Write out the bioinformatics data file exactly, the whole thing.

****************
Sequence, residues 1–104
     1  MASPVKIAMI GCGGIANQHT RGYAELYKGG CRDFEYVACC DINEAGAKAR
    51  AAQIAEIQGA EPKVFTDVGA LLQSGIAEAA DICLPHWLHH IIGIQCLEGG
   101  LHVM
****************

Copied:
Sequence, residues 1–104
     1  MASPVKIAMI GCGGIANQHT RGYAELYKGG CRDFEYVACC DINEAGAKAR
    51  AAQIAEIQGA EPKVFTDVGA LLQSGIAEAA DICLPHWLHH IIGIQCLEGG
   101  LHVM